An analysis of the structure and kinematics of the forelimbs and hindlimbs of pterosaurs, and functional analogy with recent and fossil vertebrates, supports a reappraisal of the locomotory abilities of pterosaurs. A hypothesis of structural, aerodynamic, and evolutionary differences distinguishing vertebrate gliders from fliers is proposed; pterosaurs fit all the criteria of fliers but none pertaining to gliders. The kinematics of the reconstructed pterosaur flight stroke reveal a down-and-forward component found also in birds and bats; structural features of the shoulder girdle and sternum unique to pterosaurs may be explained in light of this motion. The recovery stroke of flight was accomplished, in birdlike fashion, by a functional reversal of the action of the M. supracoracoideus by the pronounced enlargement of the acrocoracoid process, which acted as a pulley. The wing membrane was supported and controlled through a system of stiffened, intercalated fibers, which were oriented like the main structural elements in the wings of birds and bats.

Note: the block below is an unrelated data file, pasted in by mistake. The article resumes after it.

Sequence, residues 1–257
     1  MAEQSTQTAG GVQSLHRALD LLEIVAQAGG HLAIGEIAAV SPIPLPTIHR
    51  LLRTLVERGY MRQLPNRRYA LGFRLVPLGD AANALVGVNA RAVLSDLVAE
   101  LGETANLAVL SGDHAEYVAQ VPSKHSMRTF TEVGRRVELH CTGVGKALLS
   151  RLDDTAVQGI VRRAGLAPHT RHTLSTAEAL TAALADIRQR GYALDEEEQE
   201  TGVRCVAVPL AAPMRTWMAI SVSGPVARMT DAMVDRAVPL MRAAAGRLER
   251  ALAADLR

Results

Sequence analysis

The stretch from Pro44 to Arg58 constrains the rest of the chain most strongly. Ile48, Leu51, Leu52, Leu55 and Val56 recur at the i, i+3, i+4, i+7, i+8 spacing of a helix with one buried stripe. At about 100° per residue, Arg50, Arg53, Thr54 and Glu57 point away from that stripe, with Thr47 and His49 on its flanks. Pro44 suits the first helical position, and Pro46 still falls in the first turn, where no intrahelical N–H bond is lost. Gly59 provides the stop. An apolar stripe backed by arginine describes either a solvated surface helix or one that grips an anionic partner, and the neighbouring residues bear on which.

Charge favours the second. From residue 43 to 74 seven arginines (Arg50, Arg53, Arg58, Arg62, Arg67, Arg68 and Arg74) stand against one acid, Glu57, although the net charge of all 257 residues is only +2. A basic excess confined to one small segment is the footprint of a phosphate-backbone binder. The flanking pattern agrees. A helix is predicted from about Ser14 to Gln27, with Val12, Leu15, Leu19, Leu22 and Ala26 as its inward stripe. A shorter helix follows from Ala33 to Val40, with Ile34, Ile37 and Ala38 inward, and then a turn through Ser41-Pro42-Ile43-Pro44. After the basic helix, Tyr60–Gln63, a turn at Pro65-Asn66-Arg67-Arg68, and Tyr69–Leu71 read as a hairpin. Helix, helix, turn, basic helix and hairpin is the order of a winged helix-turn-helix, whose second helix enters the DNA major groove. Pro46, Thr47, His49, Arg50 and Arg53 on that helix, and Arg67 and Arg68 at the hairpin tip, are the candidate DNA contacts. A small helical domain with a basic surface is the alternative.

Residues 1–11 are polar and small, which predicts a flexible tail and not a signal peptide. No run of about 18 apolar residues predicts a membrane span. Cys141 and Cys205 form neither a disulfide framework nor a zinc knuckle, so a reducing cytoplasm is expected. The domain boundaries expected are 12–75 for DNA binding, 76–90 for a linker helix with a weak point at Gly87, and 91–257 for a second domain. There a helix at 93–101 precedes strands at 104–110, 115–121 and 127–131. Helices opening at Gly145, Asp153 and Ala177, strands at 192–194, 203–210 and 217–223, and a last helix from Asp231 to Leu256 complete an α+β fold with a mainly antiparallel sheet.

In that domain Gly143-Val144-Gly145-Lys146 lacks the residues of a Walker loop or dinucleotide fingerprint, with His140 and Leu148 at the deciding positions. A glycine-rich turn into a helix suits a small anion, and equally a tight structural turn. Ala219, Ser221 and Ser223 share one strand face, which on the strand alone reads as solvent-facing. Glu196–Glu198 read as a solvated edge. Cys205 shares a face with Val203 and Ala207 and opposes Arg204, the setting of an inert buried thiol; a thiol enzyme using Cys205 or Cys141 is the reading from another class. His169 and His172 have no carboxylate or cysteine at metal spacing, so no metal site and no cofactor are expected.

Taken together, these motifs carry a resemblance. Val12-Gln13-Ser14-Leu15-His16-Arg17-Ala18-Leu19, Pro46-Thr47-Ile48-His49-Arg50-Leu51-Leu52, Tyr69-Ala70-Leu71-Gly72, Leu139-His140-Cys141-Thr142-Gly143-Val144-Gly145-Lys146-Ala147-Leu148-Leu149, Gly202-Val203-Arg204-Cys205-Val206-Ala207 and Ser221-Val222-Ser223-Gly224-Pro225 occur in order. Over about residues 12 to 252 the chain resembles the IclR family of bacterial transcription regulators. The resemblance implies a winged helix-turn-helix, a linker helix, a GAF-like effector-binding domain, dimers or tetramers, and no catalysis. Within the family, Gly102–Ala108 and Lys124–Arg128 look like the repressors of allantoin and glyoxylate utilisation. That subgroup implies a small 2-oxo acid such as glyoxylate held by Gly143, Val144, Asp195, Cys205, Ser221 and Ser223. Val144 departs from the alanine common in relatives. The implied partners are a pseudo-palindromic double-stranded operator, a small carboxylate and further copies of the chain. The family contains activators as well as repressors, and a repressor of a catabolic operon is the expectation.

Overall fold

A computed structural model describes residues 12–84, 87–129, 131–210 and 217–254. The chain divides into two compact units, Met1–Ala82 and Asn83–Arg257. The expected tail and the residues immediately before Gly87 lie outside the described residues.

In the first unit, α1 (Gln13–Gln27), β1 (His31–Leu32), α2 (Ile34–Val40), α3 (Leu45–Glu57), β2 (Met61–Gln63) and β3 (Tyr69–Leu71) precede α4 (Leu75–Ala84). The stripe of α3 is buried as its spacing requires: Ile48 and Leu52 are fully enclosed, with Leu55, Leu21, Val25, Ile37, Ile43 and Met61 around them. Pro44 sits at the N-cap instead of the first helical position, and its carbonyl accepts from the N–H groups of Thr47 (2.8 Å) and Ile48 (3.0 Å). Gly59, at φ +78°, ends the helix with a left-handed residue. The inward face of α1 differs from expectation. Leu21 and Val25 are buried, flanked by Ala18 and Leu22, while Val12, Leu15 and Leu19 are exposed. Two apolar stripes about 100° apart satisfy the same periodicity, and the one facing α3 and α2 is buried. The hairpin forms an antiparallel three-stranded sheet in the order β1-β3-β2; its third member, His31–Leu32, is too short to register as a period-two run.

The hindlimbs of pterosaurs were independent of the wing membrane, and articulated like those of other advanced archosaurs and birds, not like those of bats. The gait was parasagittal and the stance digitigrade. Because of limitations on the motion of the forelimb at the shoulder, pterosaurs could not have walked quadrupedally. However, bipedal locomotion appears to have been normal and quite sufficient in all pterosaurs. There is nothing batlike about pterosaur anatomy; on the other hand, pterosaurs bear close structural resemblances to birds and dinosaurs, to which they are most closely related phylogenetically.